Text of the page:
Catherine Austin-Fitts, former Assistant Secretary of Housing and Urban Development, was a guest on the Dec. 10 Coast to Coast AM radio show to speak on the fiscal cliff, and other economic issues facing the country going into 2013. On the subject of what may be in store for the future of the dollar, Catherine suggested that the government is working towards implementing a new digital currency, or one that would be backed by food instead of the current petro-dollar.
Caller to Coast to Coast: The other night on Coast, an elderly lady called in, in regards to what FDR did in the early 30s. She said they closed the banks, and people were put on an alternative currency called scrip. And seeing how history is repeating itself, what’s your viewpoint on the idea that they are just driving the dollar into the ground to replace it with this alternative currency called the Amero?
George Norry: Well yes, the Amero, which Jerry Corsi has reported on for this program, is a very strong possibility. This currency between Canada, the United States and Mexico… Katherine how realistic?
Catherine Austin-Fitts: Well we don’t see the Amero as being that likely now. Not to say they wouldn’t love to do it if they could. I think what we’re watching, George, is two things. I think we’re watching for a real push for a digital currency number one, and I think we are watching a real push to replace the oil standard behind the dollar with a food standard.
If you look at what it is going to take to create a digital currency, and really make it go globally, we need something other than oil to organize it and put it together, and I think part of the rush to control the food supply, is to literally find that replacement.
And that is important because if you can bring in new energy technology, which you can do, that makes the oil standard that much more important to replace. – Coast to Coast AM, Dec. 10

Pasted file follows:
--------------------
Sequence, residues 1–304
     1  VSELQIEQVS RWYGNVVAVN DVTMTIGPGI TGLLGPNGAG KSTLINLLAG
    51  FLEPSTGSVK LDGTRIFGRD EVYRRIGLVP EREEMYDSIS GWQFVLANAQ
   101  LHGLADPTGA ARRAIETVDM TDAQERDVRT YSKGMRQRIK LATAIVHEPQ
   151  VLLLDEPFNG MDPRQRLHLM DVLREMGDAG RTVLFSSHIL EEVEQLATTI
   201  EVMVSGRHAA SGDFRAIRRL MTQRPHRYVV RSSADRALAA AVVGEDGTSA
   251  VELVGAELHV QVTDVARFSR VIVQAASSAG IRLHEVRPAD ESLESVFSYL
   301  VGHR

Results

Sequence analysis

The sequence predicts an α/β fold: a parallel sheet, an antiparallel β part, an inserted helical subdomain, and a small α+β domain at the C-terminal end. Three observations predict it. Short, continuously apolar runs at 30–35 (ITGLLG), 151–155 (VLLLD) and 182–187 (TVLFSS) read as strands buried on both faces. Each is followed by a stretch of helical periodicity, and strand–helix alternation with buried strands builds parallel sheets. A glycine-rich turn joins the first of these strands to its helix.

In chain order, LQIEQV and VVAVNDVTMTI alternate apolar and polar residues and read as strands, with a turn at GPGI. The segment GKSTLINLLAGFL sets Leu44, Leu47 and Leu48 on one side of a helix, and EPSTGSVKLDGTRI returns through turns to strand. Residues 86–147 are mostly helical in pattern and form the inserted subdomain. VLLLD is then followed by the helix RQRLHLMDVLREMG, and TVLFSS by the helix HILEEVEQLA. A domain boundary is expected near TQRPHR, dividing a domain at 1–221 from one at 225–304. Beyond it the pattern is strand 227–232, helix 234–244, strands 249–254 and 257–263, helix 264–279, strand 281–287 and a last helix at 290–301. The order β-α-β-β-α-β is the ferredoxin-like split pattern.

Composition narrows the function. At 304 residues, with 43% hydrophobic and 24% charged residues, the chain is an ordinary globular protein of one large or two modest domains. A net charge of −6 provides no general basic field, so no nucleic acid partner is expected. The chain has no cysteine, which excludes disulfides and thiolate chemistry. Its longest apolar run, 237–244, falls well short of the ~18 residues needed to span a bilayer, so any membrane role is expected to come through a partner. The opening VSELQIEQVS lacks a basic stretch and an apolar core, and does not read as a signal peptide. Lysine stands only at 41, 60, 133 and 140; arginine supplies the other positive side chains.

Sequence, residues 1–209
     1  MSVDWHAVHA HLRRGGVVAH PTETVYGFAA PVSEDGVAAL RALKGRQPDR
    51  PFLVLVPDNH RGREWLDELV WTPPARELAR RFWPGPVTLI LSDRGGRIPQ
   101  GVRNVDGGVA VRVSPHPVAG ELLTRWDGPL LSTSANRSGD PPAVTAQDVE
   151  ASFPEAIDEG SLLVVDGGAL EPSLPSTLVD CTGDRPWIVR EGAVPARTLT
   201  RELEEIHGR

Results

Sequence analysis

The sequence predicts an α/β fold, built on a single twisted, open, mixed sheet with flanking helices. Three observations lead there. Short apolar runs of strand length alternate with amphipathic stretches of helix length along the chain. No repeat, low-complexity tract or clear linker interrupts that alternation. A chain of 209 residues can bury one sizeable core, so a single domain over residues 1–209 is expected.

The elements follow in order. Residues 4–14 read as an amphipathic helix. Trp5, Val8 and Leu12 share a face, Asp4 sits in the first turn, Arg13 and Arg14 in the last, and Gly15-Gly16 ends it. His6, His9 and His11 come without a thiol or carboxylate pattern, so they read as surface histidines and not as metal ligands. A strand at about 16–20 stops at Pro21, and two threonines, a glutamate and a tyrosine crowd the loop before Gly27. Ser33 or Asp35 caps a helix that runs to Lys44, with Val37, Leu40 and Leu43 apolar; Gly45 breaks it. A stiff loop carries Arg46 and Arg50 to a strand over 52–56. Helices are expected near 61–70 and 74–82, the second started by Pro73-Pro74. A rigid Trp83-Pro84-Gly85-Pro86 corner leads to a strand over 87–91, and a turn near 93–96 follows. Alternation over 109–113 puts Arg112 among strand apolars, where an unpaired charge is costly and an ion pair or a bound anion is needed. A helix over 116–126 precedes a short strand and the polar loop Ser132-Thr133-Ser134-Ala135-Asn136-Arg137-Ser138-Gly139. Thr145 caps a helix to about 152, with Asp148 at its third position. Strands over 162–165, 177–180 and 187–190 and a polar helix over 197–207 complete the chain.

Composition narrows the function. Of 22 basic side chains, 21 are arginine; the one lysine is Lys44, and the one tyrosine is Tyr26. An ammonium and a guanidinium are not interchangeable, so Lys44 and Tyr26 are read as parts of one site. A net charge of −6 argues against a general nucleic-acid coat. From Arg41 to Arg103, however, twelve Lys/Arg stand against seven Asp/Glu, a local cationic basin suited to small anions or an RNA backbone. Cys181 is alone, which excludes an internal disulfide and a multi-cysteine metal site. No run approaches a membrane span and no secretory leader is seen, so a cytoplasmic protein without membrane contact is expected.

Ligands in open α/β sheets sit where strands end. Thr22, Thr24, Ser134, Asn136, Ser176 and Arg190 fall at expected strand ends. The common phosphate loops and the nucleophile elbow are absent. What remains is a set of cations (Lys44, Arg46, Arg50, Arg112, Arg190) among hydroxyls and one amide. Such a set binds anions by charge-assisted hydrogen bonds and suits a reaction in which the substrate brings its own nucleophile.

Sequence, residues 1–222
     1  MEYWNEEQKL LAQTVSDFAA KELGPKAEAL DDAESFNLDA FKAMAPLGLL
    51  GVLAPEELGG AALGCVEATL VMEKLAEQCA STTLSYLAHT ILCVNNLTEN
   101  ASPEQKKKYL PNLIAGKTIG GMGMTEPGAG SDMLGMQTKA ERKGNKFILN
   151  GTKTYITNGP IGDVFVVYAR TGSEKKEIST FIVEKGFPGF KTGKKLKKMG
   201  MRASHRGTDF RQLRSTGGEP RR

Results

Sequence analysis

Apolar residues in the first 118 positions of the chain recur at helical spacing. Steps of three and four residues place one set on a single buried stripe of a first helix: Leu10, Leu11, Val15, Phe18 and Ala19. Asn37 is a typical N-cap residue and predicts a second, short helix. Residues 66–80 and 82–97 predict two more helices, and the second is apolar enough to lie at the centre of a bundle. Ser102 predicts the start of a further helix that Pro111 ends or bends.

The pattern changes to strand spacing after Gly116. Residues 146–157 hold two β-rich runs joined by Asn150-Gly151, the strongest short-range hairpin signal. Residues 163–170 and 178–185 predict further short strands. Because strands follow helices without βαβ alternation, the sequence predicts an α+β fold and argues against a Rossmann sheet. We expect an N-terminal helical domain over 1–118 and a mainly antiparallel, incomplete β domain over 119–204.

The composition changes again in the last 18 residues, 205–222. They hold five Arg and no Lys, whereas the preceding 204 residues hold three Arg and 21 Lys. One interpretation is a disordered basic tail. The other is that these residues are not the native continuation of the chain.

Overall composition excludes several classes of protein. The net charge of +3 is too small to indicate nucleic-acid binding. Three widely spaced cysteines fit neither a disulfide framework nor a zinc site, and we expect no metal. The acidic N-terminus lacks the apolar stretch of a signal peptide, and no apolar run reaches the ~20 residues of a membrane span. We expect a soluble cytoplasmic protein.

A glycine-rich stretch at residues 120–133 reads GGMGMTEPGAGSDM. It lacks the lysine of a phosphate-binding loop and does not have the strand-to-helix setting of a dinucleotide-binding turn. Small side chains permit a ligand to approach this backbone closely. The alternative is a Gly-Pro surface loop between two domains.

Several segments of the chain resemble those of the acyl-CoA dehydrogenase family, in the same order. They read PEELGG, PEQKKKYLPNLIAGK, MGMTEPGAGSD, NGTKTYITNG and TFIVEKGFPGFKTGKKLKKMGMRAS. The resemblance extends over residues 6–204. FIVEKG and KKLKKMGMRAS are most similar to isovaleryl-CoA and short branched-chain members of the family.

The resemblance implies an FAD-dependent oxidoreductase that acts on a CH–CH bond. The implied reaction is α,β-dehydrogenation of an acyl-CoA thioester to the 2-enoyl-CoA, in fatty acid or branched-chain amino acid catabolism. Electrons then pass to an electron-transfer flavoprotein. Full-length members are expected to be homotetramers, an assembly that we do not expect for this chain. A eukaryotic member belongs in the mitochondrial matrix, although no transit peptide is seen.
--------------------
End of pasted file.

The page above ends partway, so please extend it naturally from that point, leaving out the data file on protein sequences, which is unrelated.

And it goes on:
Dec. 10 airing of Coast to Coast AM with Catherine Austin-Fitts:
Since oil has been the primary asset allowing the U.S. to control the world’s reserve currency since 1973, and following the dollar’s removal from the gold standard in 1971, the biggest fear for America has been in losing control over the primary oil distribution chains coming out of the Middle East. However, with Russia becoming a global oil provider in just the past decade, and new Chinese agreements allowing for the sale and purchasing of oil in currencies other than the dollar, the autonomous power of the U.S. to command the primary currency is rapidly waning, and the fight to control the next reserve currency is already underway.
With the world’s population surpassing seven billion people in just the past few years, the need for food is quickly outweighing the need for oil, especially as technologies such as solar, hydro, nuclear, and wind bite into the energy needs oil used to dominate. In October of this year, the United Nations (U.N.) issued a report of massive food shortages expected for 2013, and just over a year ago, the high price and lack of food in Egypt and elsewhere led to the Arab Spring movements, and fall of several Middle Eastern governments.
In the U.S., food has already become a currency unto itself as 47 million Americans now reside on the Labor Department’s SNAP roles, and require government benefits just to purchase basic meals on a daily basis. With the advent of the Electronic Benefit Transfer (EBT) system, the melding of a digital currency backed by food has already been introduced, and is being utilized by nearly one-sixth of the population.
The historic cycle of a purely fiat currency is normally no longer than 40 years, and the dollar in its current form, which is backed by the Saudi oil agreement, will enter that final year in 2013. Thus the need for a transformation of currency is not only desirable as devaluation and massive debt erodes the world’s confidence in the dollar, but absolutely necessary as China, Russia, and a new Asian Partnership seek to bypass the dollar permanently for alternate currencies.
While the concept of a new currency backed by food seems far-fetched, the fact that reliance upon oil in the world is waning at the same time the need for food and new food sources is increasing. Humanity can find alternative sources of energy as they have for thousands of years, but the body cannot sustain itself without food for a long time. Thus controlling food and the means to buy and sell it through a digital currency is not only a potential for the future, it’s already being done on a smaller scale for a large portion of Americans.
Kenneth Schortgen Jr. As a historian in his primary field of study, and an investor in the real world, Kenneth has a keen perspective on all facets of the financial world. He has owned his own business and corporation, and has been an investor in many different markets such as securities, real estate, currency trading.
Reposted from The Examiner December 11, 2012